Here is the very definition of the word.
From Byrd’s March 13 speech just before the Iraq war:
“ If the United States leads the charge to war in the Persian Gulf, we may get lucky and achieve a rapid victory. But then we will face a second war: a war to win the peace in Iraq. This war will last many years and will surely cost hundreds of billions of dollars. In light of this enormous task, it would be a great mistake to expect that this will be a replay of the 1991 war. The stakes are much higher in this conflict.
And six days later, after Bush ordered the invasion:
“ Today I weep for my country. I have watched the events of recent months with a heavy, heavy heart. No more is the image of America one of strong, yet benevolent peacekeeper. The image of America has changed. Around the globe, our friends mistrust us, our word is disputed, our intentions are questioned. Instead of reasoning with those with whom we disagree, we demand obedience or threaten recrimination.
Wonder if the troops in Afghanistan remember all that. Actually, they’re probably too busy fighting on this 263rd day of the ninth year of their war.
Robert Byrd was a man of his times and as the times changed so did he. Byrd experienced and contributed to the entire canvas that was 20th century America.
As a young man he was a member of the Klu Klux Klan and carried his Southern racism into the Senate. In 1964 he voted against the Civil Rights Act. That was Robert Byrd.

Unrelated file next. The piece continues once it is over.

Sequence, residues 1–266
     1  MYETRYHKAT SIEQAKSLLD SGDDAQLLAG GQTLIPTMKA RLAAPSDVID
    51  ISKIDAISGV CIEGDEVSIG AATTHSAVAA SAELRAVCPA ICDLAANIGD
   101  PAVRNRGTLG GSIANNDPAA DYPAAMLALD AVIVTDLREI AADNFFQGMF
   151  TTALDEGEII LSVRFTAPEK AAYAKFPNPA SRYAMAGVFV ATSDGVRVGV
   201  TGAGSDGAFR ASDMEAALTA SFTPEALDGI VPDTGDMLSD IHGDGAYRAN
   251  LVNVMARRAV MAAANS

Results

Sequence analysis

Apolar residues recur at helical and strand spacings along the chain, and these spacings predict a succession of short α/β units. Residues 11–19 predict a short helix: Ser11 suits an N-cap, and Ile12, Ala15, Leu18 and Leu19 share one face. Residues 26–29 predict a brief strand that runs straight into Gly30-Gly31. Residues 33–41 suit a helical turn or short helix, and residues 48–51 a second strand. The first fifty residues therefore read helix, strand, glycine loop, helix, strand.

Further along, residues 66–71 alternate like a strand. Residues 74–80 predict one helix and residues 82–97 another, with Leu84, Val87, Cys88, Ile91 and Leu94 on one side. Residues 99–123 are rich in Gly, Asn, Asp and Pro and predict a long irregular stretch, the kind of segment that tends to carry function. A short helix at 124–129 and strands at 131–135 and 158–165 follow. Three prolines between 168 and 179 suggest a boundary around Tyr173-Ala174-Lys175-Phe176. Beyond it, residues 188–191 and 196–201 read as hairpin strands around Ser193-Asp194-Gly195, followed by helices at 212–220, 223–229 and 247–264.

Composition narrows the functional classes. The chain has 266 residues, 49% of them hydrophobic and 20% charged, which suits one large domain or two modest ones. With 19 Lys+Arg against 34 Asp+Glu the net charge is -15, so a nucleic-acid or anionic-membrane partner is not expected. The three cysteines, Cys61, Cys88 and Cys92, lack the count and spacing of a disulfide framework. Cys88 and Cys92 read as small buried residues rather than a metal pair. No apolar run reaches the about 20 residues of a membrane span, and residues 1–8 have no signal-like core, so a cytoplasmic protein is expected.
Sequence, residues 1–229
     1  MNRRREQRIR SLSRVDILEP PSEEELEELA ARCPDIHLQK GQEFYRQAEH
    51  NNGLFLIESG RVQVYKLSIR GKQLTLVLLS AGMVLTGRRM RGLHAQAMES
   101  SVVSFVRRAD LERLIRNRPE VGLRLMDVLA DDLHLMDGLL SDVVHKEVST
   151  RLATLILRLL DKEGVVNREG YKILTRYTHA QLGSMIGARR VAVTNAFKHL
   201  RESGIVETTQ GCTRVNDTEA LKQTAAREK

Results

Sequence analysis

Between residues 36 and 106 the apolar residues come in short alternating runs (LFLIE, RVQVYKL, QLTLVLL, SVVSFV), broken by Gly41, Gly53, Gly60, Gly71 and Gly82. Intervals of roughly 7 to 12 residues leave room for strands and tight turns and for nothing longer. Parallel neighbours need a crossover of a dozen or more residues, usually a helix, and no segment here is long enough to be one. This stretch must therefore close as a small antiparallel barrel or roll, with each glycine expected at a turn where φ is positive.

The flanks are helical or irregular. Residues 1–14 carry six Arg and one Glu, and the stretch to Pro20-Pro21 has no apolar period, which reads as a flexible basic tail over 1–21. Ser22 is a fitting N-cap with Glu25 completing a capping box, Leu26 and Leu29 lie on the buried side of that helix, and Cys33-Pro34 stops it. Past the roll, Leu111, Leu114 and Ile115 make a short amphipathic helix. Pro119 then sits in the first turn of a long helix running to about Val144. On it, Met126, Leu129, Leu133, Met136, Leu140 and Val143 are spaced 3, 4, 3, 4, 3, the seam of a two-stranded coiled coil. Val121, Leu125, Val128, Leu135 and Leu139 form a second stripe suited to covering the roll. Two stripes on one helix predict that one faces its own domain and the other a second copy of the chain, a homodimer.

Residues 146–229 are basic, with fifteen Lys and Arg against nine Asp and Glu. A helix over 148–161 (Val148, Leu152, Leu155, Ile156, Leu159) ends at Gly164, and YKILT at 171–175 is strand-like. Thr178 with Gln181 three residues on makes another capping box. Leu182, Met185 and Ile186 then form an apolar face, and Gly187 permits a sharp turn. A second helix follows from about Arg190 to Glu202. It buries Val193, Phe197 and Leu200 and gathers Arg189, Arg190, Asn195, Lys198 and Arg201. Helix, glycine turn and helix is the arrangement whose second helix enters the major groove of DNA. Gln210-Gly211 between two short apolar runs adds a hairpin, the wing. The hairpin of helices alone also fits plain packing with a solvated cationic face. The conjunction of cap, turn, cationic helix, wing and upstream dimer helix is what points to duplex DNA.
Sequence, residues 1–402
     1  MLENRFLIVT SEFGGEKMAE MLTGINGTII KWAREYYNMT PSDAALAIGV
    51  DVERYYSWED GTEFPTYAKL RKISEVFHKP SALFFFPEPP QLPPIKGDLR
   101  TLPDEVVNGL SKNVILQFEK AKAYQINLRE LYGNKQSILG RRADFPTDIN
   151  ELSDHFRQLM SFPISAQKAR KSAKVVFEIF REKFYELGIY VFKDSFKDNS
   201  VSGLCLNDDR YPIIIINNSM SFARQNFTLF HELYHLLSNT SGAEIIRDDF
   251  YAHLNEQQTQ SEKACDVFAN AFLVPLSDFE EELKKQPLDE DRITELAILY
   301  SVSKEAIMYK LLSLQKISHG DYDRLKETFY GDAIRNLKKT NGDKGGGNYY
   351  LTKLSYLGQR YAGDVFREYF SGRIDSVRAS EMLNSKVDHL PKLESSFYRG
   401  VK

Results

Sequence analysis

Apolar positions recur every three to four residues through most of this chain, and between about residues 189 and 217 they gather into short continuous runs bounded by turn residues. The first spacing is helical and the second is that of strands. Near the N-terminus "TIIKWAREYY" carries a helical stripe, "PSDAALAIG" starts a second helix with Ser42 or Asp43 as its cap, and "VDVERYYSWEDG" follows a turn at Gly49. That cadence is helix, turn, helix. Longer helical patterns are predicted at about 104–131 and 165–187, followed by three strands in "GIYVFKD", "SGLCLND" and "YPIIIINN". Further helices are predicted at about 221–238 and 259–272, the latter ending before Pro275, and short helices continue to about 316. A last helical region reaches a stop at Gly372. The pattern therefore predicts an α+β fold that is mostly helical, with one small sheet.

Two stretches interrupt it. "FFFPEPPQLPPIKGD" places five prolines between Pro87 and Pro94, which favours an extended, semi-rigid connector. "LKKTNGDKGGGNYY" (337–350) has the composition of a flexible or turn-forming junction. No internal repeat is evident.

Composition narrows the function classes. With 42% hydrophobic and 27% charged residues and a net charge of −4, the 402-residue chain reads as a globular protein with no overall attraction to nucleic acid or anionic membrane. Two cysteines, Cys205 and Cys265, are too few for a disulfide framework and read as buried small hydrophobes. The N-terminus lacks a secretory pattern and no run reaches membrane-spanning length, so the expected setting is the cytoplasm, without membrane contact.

But he moved on; he grew with the century and with the country (his attitude toward race parallels a journey taken by my own father).
Here is Robert Byrd’s journey from 1944 to 2003:
||I shall never fight in the armed forces with a Negro by my side… Rather I should die a thousand times, and see Old Glory trampled in the dirt never to rise again, than to see this beloved land of ours become degraded by race mongrels, a throwback to the blackest specimen from the wilds.
|— Robert C. Byrd, in a letter to Sen. Theodore Bilbo (D-MS), 1944, [12
In the National Association for the Advancement of Colored People‘s (NAACP) Congressional Report Card for the 108th Congress (spanning the 2003–2004 congressional session), Byrd was awarded with an approval rating of 100 percent for favoring the NAACP’s position in all 33 bills presented to the United States Senate regarding issues of their concern.
He served way too long in the Senate of course but that guaranteed his place in the history books by virtue of longevity alone.
Byrd was known as the parliamentarian of the Senate, an unofficial title conferred because no one knew the arcane convoluted rules of that body better than he did. And long before Newt Gingrich turned it into a political gimmick, Byrd carried his copy of the Constitution in his breast pocket and consulted it often while on the floor of the Senate.
He gave one of the most honorable speeches of his career in 2003 – a very underreported speech. His voice echoed around a nearly empty chamber as he – a man who’d lived through two world wars – appealed to President Bush to tamp down his zeal for a war of aggression.
He’d overstayed his time certainly and we still need his voice.
The 2003 speech:
And too many others. They’re really old. And they know pretty much nothing of the contemporary world, its mores, its culture, its technology, it business practices. And they keep running. Why? And why do their constituents want to send them to the Senate so they can legislate this world of which they know nothing.
Senators – why do you keep running?
Not too many soldiers in Afghanistan are fighting in the hope that they may keep their jobs till they’re 90. They’re more focused on the fact that today is the 217th day of the ninth year of the War.